Top 5 Resume Mistakes



Top 5 Resume Mistakes
You only have 7 SECONDS to capture the attention of the decision-maker. Based on a Harvard Business Review, September article, you need to get to the point quickly. With over 50 million people filing for unemployment over the previous 20+ weeks, it has never been more competitive. You must avoid mistakes on your resume, which will help you make it through the first cut and avoid the “circular file” (trash can) -
BY Michael B. Clegg
   


As the old adage goes, you never have a second chance to make a first impression during most job searches begins with your resume. So don't make the five common CV mistakes that Brad Karsh, founder of jobBound.com and author of "How to Say It on Your Resume" has found.


1. Too Task Heavy

This is what I call the “so what” section. This is where most resumes have the “task” or “duties” performed listed. However, it is where you tell your story of the above “results”. These results are often delivered in the form of numbers and percentages. These items direct the attention of the reader quickly. The accomplishment that you are most proud of should be the first bullet point.


2. Laking Accomplishments

Your resume should be about the value that you are going to bring to your future employer. Tasks imply the duties of your previous role.  Employers want to know the results.  Let the interview be about “how” you did it.  Your resume should be “what” you did. Give them real numbers. For example, if you managed people, don't just say that you did that. Say you managed 500 people. If you worked on planes, tell them how many planes you worked on. Top 5 Resume Mistakes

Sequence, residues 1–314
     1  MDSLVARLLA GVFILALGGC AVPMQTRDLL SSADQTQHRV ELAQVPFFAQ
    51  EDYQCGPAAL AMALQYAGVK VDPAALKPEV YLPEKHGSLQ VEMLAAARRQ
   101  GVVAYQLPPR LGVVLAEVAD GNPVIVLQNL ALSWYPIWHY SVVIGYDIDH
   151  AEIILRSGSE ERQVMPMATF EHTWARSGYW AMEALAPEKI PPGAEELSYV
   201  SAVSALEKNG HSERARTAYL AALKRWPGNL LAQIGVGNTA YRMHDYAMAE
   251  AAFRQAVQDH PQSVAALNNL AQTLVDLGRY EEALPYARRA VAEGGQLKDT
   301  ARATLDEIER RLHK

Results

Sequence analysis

3. One Size Fits All

This is the question that I get most frequently “Should I have multiple versions of my resume?” The answer is YES. You should have a resume for every job that you apply for and it should be tailored with keywords per the job description. 

Let’s say, for example, you are a registered nurse with management experience and you are currently pursuing an MBA. If you are applying for a nurse position, you will focus on the details of the types of procedures you know how to do with patients, and the different types of medical conditions you are familiar with. You might not include information about your MBA at all, and you would want to play down the fact that you created a wound care program at your hospital from scratch. In contrast, if you want to be a manager, you will highlight your managerial, organization and training skills, and downplay your ability to put in an IV.


4. Outdated Information 

A professional resume should go no further than 10-15 years back.  Anything beyond that is irrelevant or out of date.  I know it’s great that you finished in the top 10% 25 years ago but what have you done for me lately? There are other ways to capture this data that is less traditional. There are a few areas, specifically academia, where they may want to see every year of experience. Top 5 Resume Mistakes


5. Ignore Application Instructions

Some applications will require a call to action. It could be something simple that says, “please submit a cover letter”. If you don’t follow their instruction, you will automatically be disqualified.  For instance, your job posting requests a “one-page cover letter,” what they want from you is a one-page cover letter. So it’s a bad idea to send them this: “I apologize in advance. I simply could not reduce the length of my cover letter to one page.” If you doing so, you are definitely OUT!
Top 5 Resume Mistakes



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